I loved comics when I was a child, and used to go off to the shop on a Saturday to buy the sadly long-gone ‘Whizzer and Chips’ or ‘Shiver and Shake’. Later I made my own comic books as a teenager, mostly inspired by daily life and my sister, while others included a fantasy inspired by a young couple I had seen in a documentary.
Many, many years later a friend told me she had enjoyed a course at the Royal Drawing School, ‘Drawing the Graphic Novel’ – and something struck a chord so I signed up. I’ve just finished the second of two terms there, and loved it – our homework in week two was to keep a comic diary, and I am still going with that, five months later. Our tutor was Emily Haworth-Booth, who was a very inspiring teacher: I really recommend this class.
Shown above is a story I started to develop in class based on some things I had recorded in the diary. These included a dream about an Environment Agency Fisheries Office who investigated murders in his spare time, and a story my old schoolfriend told me about the police combing the railway embankment behind her home for evidence in a murder case, and finding her escaped tortoise. Earlier in the year I visited the Potteries Museum and Art Gallery in Stoke on Trent, where I saw a range of Victorian murder figurines – in those days people could buy a set of murder-themed figurines, including murderer, accomplice, victim and crime scene – incredible! So I am planning to work this into the story too…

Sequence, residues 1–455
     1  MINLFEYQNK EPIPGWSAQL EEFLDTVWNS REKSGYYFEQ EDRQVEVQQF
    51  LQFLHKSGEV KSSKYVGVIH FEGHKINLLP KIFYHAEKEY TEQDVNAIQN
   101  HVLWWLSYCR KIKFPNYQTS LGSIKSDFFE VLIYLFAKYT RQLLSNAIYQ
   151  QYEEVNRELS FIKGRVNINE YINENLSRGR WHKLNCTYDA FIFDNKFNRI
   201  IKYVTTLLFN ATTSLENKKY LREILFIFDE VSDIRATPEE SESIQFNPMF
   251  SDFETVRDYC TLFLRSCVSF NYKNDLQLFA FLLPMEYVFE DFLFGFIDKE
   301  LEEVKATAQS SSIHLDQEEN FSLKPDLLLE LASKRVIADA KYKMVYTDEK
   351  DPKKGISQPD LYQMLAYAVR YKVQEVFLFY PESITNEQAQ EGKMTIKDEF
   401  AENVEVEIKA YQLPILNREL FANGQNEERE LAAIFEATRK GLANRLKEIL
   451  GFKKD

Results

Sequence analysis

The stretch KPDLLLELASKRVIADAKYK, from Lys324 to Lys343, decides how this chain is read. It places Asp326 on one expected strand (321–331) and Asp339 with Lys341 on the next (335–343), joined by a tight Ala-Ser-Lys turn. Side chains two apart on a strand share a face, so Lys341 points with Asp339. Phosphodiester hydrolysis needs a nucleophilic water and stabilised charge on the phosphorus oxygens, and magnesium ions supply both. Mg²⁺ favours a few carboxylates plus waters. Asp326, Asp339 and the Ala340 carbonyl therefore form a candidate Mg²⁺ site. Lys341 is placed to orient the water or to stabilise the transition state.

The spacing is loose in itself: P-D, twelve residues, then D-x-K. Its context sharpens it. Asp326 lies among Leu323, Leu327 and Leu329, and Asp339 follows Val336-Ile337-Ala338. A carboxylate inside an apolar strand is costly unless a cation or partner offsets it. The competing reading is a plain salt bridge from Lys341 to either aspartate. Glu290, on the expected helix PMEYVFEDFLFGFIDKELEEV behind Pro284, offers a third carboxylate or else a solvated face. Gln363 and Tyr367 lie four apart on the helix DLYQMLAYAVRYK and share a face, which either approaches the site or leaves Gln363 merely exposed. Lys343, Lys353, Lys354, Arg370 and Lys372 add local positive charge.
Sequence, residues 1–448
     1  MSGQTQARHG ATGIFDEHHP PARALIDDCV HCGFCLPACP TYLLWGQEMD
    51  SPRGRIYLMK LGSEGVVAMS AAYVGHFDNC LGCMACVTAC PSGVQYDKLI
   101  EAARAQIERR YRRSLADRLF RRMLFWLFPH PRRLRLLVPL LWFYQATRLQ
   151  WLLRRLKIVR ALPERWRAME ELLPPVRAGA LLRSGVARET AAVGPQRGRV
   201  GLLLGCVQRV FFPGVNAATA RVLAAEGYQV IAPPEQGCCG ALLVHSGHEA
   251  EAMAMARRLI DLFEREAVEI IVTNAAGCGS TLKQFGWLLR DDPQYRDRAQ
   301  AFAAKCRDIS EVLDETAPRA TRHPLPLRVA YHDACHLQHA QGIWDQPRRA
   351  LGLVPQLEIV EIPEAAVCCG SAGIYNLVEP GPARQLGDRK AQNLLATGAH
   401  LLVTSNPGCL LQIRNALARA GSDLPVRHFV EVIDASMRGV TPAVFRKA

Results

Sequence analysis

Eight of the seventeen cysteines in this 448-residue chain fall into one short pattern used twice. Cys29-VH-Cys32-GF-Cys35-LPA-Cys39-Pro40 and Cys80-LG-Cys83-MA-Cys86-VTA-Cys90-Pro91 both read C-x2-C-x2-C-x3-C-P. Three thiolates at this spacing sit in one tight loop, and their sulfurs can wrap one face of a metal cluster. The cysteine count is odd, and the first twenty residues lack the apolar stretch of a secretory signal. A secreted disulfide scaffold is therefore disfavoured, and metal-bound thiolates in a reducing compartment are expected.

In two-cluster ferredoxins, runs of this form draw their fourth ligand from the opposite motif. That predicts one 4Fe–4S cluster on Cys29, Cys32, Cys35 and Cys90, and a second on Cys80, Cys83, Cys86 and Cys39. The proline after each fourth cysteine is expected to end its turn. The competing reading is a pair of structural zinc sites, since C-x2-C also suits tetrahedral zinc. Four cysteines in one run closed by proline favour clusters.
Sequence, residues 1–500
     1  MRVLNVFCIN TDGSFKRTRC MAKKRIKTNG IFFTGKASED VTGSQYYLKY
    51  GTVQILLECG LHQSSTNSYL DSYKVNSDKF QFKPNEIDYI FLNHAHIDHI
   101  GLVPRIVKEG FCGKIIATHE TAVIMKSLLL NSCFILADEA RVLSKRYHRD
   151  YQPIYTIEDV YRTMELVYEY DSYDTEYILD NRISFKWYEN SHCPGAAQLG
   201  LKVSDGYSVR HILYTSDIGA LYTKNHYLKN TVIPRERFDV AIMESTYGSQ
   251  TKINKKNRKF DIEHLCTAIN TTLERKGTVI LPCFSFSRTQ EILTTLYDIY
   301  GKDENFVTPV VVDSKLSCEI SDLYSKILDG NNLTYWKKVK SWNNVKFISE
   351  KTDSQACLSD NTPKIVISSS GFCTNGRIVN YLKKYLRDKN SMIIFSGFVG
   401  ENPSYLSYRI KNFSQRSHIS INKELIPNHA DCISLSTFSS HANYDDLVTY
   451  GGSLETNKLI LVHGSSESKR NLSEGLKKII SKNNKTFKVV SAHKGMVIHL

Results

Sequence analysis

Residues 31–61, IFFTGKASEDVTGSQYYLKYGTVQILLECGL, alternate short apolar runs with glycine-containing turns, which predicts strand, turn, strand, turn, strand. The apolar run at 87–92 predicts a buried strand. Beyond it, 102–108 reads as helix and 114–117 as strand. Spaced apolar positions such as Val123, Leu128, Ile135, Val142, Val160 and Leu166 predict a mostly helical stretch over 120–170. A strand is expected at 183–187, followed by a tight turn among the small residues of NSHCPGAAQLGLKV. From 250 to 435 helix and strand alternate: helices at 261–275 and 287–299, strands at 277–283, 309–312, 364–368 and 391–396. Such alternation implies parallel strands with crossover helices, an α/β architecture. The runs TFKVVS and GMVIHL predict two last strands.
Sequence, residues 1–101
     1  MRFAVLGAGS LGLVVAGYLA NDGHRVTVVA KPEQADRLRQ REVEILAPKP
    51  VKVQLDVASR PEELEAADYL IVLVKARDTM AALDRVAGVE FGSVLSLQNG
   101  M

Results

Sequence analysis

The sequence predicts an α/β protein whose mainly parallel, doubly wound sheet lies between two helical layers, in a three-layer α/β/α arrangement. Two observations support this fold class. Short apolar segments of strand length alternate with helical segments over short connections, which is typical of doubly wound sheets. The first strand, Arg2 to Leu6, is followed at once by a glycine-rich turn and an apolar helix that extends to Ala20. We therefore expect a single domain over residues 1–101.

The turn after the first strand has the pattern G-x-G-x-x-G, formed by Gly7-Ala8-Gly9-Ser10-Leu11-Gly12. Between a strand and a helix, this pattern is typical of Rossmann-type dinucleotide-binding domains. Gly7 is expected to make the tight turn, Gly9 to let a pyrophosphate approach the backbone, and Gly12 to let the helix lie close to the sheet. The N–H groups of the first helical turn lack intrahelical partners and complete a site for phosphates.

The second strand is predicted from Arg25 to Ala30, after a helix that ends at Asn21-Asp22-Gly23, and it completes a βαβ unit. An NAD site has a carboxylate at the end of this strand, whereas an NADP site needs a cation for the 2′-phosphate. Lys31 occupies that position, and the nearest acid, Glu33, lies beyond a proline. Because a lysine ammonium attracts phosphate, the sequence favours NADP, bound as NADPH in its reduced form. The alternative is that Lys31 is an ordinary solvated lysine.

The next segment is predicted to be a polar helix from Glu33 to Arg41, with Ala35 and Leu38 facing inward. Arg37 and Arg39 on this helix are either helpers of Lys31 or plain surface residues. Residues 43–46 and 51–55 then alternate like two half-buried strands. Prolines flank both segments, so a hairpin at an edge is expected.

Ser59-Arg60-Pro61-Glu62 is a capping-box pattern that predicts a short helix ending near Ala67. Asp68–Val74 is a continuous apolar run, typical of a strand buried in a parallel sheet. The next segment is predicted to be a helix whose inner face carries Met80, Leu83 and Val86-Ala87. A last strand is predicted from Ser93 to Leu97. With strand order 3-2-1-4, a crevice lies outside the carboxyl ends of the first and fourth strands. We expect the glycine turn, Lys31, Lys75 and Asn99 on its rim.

The final class of term was when everyone presented their work – and the range of stories was fascinating. I’m looking forward to hear more of all the stories as the class have agreed to keep in touch and share work in the future.
I’ve always loved making trails and guides – I first made one for our family back garden when I was a child. But it was a double-treat to be asked, earlier this year, to design one for one of my favourite museums – the V&A.
This amazing treasure-house is somewhere I often go for fun and inspiration anyway, so it was delightful to be able to walk round the collection with a sketchbook and say to myself, “this is actually work.”
The family trail has now been printed and is available for free for any families visiting the V&A – it takes you round highlights of the collection on the ground floor, with suggested activities and some space to draw.
After six months of research, planning, workshops and tonnes of scanning – it’s finally here! My community art project with Sue Edkins was launched yesterday at Diamond Jubilee Gardens, Twickenham, under a blazing hot sun with many of the participants – from age 8 to over 80 – there to see their work on public display for the first time.
As I posted when we first began in January, the project is Twickenham’s version of the ‘Fourth Plinth’ – a public work of art that changes every couple of years. In Twickenham’s case, however, it also involves the community, and the work of many, many hands can be seen in the three finished pieces.